On the Eve of Holy Thursday…

I reflect on why it was this sacrifice was so necessary for our salvation.  I know of no better reply than this note from a friend who writes:

Interesting experience to read this story and then reach over to feel our daughter moving in my wife’s womb. Makes me want to vomit, literally.

Why did Jesus have to make such a horrific sacrifice? Because we are a species that does that to pure innocence. Indeed, we do that and then we blame God for it–all while saying we are fine and don’t need help or grace.

Those who say “There is no God and besides he’s evil because look what he did to his Son” need to fish or cut bait. Whether God exists or not, it was not God who inflicted the crucifixion on his Son. It was us. We did it. We come of a race that looks at the beaten and bloody body of a scourging victim, trembling in shock on a cold April morning, and then twists a crown of thorns and presses it down on his head.

Just for fun.

*We* made clear the sort of sacrifice we required for our sins by our *our* free choice to inflict it on the victim.

And as the monster Kermit Gosnell–and the civilization that created him and many others like him–makes clear, we haven’t changed a bit. We require this sacrifice because *we* inflict this sacrifice on perfect innocence.

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  • Subsistent

    Our Lord’s self-sacrifice unto death was “necessary for our salvation”? Well, it was admittedly necessary with a “necessity of end” in order to fulfill Scripture, and in order that “all justice” be fulfilled (as He told John the Baptist). But Catholic author Jacques Maritain has maintained — sorry, I can’t find the exact reference — that God could have saved us by forgiving us by a sort of amnesty, but that, for our even greater happiness, He willed to make atonement in strict justice.

  • Benjamin

    No, Mark, “we” didn’t crucify an innocent leader of a charismatic Jewish cult. The government of the Roman Empire did. I, you, and everyone reading this had absolutely zilch to do with it. To say otherwise is illogical self-hating masochism. But breaking down one’s self-esteem through talk of “sin” one had nothing to do with is part of the Middle Eastern Monotheism playbook.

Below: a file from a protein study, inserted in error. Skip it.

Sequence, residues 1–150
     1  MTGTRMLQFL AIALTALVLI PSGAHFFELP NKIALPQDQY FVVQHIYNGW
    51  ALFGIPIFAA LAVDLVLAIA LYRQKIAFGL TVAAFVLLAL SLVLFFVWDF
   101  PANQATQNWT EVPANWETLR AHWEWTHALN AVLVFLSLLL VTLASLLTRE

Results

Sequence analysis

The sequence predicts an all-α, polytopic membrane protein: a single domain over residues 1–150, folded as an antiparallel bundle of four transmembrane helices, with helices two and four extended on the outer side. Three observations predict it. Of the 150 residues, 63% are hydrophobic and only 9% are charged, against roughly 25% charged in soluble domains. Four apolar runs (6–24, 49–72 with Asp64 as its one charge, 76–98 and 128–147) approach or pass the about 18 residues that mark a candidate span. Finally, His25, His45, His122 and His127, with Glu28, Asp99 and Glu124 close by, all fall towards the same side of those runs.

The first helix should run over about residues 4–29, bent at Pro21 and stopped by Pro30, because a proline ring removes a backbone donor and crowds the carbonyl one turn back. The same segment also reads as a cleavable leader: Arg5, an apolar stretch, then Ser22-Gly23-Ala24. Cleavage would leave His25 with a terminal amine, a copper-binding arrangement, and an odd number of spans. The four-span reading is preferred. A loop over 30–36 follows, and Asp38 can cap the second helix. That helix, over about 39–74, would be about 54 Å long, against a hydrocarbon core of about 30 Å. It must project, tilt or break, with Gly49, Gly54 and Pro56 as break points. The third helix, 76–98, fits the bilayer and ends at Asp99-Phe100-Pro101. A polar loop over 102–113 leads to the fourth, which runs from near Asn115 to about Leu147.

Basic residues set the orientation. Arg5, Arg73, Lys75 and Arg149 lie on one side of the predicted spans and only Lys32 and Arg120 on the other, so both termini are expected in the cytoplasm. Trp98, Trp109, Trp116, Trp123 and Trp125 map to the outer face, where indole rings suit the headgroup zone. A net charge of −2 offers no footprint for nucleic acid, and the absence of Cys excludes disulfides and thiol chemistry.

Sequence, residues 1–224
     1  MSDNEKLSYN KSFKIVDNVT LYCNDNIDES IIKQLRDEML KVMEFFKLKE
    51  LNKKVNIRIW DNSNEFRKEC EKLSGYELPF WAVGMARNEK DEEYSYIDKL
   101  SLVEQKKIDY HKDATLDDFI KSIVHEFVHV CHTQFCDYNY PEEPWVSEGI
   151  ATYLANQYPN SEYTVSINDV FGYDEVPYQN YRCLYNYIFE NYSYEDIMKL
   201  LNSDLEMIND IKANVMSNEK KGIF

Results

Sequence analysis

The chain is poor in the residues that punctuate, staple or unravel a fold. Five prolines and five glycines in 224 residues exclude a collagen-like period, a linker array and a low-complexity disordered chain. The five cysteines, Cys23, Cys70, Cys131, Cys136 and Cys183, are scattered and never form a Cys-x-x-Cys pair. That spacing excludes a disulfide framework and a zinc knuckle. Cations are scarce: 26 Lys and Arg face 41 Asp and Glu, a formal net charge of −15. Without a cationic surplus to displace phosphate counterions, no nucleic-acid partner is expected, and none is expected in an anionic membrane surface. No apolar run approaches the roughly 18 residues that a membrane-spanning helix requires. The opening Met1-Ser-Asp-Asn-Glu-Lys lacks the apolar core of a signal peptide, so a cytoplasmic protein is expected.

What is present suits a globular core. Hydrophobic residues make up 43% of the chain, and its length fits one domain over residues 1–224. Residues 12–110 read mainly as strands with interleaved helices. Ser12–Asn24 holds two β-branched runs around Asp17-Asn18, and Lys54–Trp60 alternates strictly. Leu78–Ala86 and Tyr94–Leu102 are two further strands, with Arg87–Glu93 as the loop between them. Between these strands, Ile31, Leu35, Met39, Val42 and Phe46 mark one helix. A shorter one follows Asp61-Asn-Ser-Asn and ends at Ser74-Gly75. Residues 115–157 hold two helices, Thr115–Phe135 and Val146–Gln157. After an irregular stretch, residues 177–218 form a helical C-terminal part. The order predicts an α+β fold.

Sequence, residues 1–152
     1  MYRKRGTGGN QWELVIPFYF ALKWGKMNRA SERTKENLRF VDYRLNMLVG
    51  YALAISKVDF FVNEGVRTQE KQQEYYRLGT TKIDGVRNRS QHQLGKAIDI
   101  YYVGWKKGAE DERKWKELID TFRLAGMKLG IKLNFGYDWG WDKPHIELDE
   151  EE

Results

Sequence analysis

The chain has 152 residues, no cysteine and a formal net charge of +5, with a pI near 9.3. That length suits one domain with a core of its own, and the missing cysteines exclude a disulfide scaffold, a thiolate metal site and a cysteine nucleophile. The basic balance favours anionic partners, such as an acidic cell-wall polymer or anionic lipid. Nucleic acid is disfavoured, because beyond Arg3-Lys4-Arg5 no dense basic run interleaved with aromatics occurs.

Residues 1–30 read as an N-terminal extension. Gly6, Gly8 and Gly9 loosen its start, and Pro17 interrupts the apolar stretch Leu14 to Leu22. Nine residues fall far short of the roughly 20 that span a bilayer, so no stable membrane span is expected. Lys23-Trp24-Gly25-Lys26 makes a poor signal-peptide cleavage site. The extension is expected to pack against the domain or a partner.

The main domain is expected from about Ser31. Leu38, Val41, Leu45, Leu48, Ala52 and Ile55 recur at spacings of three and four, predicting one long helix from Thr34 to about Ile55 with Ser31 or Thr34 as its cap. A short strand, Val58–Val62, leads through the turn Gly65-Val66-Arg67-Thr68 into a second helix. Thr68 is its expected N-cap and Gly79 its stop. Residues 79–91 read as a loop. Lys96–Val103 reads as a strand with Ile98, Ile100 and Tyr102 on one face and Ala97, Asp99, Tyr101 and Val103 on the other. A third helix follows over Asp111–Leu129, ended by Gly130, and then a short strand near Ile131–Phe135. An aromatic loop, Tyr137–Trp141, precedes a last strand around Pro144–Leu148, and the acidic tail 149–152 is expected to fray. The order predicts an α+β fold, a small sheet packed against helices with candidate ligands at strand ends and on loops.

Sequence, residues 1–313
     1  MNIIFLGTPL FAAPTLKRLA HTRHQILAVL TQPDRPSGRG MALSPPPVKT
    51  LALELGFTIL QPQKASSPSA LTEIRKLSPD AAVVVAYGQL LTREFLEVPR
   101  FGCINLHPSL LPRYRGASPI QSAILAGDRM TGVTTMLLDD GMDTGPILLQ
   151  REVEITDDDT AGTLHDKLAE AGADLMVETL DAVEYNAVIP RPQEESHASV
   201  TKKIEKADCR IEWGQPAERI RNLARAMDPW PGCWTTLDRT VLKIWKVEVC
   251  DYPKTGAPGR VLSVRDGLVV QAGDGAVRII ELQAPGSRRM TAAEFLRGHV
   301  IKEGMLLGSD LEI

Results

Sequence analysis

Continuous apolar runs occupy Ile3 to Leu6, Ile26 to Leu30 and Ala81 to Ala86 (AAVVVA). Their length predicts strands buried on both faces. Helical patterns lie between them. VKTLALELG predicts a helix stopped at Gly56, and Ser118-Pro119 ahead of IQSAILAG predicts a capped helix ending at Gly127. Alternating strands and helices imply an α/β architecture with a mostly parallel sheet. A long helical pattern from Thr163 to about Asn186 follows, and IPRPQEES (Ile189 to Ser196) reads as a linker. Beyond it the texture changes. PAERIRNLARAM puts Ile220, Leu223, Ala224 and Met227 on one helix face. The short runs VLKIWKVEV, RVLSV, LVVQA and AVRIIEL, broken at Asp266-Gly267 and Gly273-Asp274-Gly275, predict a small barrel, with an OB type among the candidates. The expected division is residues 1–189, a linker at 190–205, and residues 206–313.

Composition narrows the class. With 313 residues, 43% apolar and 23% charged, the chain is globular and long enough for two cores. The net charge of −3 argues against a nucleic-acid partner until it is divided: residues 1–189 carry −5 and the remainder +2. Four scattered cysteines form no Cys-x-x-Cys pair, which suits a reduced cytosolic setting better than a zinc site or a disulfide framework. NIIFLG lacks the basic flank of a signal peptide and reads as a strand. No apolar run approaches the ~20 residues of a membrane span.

• Stu

    I am a sinner.

    Forgive me Jesus for my part in hurting You.

  • Ed the Roman

    Benjamin, why do read this blog?

  • Jude K

    Perhaps Benjamin is a teenager with internet access. Because that is about the level of understanding of most teenagers. “Jesus died because of those people back then. But I didn’t have anything to do with it.” I am quite logical, although I learned to understand that there exists that with is above and beyond logic. I am not self-hating. I am not a masochist. And I KNOW that Christ died for MY sins. And the internet spittle of an unbeliever does nothing to take away from the glory of God.

  • Subsistent

    Some of my fellow-Catholics in this thread seem making fools of themselves, apparently forgetting that, literally, no matter how wicked any present-day human be, he’s had nothing to do with causing our Lord’s suffering and death. For a well-established Scholastic philosophic principle is that cause as causing and effect as being caused are simultaneous in duration, the cause being prior to the effect in nature. They are apparently forgetting, further, that our liturgy states that our Lord’s death was “a death He freely accepted”.